The Version Collector added to the can exporter created earlier and the QueryCollector newly added this time are registered. When an http request comes in to “/metric”, the above two Collectors are finally executed by each thread.

2-1. Create the Describe function

This is the part that defines the specifications of each metric. Actually, it is not necessary to define the specification of the metric here, but it is useful if you consider the case of creating and operating multiple Collectors. This method is executed only once when a Collector is registered with prometheus.Register.

func (e *QueryCollector) Describe(ch chan<- *prometheus.Desc) {
    for metricName, metric := range config.Metrics {
        metric.metricDesc = prometheus.NewDesc(
            prometheus.BuildFQName("query_exporter", "", metricName),
            metric.Description,
            metric.Labels, nil,
        )
        config.Metrics[metricName] = metric
        log.Infof("metric description for \"%s\" registerd", metricName)
    }
}

Here, I have defined the specification of the metric with the information related to Query in the setting information read earlier.

  • prometheus.BuildFQName: name of metric
  • metric.Description: Description
  • metric.Labels: Array of label names, label values should be mapped later in this order

If you look at the config.yml, each mapping will be as follows.

metrics:
  # metricName
  process_count_by_user:
    ## metric.Description
    description: "process count by user"
    ## metric.Labels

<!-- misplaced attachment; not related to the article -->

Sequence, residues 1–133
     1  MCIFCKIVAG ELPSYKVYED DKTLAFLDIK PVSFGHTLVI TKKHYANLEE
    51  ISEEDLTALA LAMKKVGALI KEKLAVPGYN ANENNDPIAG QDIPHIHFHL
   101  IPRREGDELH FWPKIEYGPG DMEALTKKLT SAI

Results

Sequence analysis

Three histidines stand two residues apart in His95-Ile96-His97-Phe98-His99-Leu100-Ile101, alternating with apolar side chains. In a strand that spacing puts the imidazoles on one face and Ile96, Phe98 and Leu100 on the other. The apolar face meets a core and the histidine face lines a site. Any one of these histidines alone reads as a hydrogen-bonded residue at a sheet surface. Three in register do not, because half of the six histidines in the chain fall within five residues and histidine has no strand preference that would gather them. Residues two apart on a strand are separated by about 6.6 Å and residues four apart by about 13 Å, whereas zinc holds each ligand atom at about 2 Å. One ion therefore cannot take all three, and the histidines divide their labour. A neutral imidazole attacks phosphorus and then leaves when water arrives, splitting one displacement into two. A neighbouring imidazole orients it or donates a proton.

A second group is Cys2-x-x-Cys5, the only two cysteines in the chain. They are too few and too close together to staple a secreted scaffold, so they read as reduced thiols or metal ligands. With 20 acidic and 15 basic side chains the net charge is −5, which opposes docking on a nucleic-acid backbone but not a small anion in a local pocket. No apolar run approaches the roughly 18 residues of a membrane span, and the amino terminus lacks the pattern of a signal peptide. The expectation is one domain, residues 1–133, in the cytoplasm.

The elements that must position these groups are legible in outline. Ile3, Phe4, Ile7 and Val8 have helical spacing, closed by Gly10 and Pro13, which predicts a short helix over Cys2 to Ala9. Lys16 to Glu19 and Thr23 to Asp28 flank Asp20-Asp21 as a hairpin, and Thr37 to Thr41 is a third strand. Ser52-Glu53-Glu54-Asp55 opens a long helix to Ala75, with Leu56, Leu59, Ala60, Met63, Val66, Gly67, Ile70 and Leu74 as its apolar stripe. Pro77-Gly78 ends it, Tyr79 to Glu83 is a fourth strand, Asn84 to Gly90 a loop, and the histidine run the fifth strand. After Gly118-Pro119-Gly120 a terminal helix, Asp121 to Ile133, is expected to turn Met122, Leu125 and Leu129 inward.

labels: ["user"]

2-2. Create the Collect function

This is the part that connects to the DB, executes the registered SQL, and makes it a metric.

metric results

The execution results(rows) of each query are displayed as a metric name and values as shown in the figure above.

func (e *QueryCollector) Collect(ch chan<- prometheus.Metric) {
 
    // Connect to database
    db, err := sql.Open("mysql", config.DSN)
    if err != nil {
        log.Errorf("Connect to database failed: %s", err)
        return
    }
    defer db.Close()
 
    // Execute each queries in metrics
    for name, metric := range config.Metrics {
 
        // Execute query
        rows, err := db.Query(metric.Query)
        if err != nil {
            log.Errorf("Failed to execute query: %s", err)
            continue
        }
 
        // Get column info
        cols, err := rows.Columns()
        if err != nil {
            log.Errorf("Failed to get column meta: %s", err)
            continue
        }
 
        des := make([]interface{}, len(cols))
        res := make([][]byte, len(cols))
        for i := range cols {
            des[i] = &res[i]
        }
 
        // fetch database
        for rows.Next() {
            rows.Scan(des...)
            data := make(map[string]string)
            for i, bytes := range res {
                data[cols[i]] = string(bytes)
            }
 
            // Metric labels
            labelVals := []string{}
            for _, label := range metric.Labels {
                labelVals = append(labelVals, data[label])
            }
 
            // Metric value
            val, _ := strconv.ParseFloat(data[metric.Value], 64)
 
            // Add metric
            switch strings.ToLower(metric.Type) {
            case "counter":
                ch <- prometheus.MustNewConstMetric(metric.metricDesc, prometheus.CounterValue, val, labelVals...)
            case "gauge":
                ch <- prometheus.MustNewConstMetric(metric.metricDesc, prometheus.GaugeValue, val, labelVals...)
            default:
                log.Errorf("Fail to add metric for %s: %s is not valid type", name, metric.Type)
                continue
            }
        }
    }
}

As you can see from the labelVals value, you need to pass the label values in the order of Labels of the specification defined in Describe earlier. There are two metric types here: counter and gauge. Each type has the following meaning.

  • COUNTER: A value that only increases. In prometheus, the indicator is displayed as a change calculation function such as rate/irate.